The GOSI Headquarters was developed over two phases with a time span of ten years between phases.
In 1973, Omrania was the winning laureate of a limited Design competition. The company was subsequently commissioned by the Client – the General Organization for Social Insurance – to design and supervise the construction of a new Headquarters Building in Riyadh. In 1983 the Client commissioned a large extension to the Headquarters Buildings to provide additional computer and office space, and a below-grade car park for 375 cars.
Together, The old and new building, occupy a prominent 17,000 m2 plot on King Abdul Aziz Road in the capital.
The old building became an example of timeless architecture. The reinforced fair face concrete structure has admirably withstood the test of time since the building was constructed in 1975. The project has been proposed for the Aga Khan Award for Architecture in 1991.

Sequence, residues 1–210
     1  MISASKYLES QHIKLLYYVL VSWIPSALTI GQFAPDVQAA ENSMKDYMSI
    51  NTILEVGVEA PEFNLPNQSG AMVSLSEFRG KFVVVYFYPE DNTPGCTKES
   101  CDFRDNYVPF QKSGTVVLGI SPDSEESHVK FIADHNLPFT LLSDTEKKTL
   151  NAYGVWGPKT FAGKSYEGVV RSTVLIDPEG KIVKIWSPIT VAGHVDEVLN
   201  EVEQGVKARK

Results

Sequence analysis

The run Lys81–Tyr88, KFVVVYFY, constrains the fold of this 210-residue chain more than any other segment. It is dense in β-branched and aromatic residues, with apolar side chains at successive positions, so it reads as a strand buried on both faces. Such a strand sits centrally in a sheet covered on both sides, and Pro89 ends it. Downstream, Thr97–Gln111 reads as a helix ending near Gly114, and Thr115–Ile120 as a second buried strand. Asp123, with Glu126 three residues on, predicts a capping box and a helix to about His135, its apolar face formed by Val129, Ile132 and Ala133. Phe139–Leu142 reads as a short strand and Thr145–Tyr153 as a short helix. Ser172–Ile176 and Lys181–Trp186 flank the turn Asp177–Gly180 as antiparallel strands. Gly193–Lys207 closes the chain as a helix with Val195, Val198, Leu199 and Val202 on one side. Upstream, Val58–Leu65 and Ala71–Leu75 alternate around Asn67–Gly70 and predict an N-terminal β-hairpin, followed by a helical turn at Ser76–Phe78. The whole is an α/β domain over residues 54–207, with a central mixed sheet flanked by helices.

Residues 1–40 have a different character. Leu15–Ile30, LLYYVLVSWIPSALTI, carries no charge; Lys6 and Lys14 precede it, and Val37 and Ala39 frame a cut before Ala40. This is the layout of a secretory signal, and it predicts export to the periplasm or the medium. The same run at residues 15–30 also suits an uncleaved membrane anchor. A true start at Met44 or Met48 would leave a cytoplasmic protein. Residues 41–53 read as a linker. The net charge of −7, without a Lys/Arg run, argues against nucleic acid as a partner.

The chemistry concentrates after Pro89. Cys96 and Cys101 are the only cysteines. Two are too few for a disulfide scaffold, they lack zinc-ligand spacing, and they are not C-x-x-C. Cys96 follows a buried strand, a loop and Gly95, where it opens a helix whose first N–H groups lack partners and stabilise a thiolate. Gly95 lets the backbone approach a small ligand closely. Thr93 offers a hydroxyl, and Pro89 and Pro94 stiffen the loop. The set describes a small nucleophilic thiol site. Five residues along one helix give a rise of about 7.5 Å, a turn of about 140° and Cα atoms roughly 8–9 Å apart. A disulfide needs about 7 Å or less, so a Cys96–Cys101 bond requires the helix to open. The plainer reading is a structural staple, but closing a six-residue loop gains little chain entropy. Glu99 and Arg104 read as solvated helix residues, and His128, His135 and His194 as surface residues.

The first phase building is four storeys high with a built-up area of some 8,000m². It provided offices, a computer centre, a 200 seat auditorium, seminar and committee rooms, a medical unit, a library ,a cafeteria, a director’s suite and the usual ancillary accommodation.
It has a rectilinear plan with offices arranged to either side of the central circulation spine which is parallel with the street. At either end of the circulation spine, stair towers terminate the axis and provide imposing vertical elements which are used to define the limits of the building envelope. Above this main volume the executive offices level is juxtaposed. Supported on a series of free-standing pillars it serves to crown the building and provide shade for the entrance lobby.
Conceptually the Extension complements the articulated sculptural character of the existing building. The diagonal elevation has reflective glazing which visually mirrors the existing building. External and Internal detailing match the quality of the existing building. The two-storey podium at the base of the tower is clad in Riyadh stone similar to the existing building to distinguish the change in scale from the base to the tower. A two-storey glazed link connects the existing building at first and second floors. The depth and orientation of the tin walls outside the glazing line of the upper floor on the south and west elevations serve as an effective sun screen and provide a sense of proportion and depth.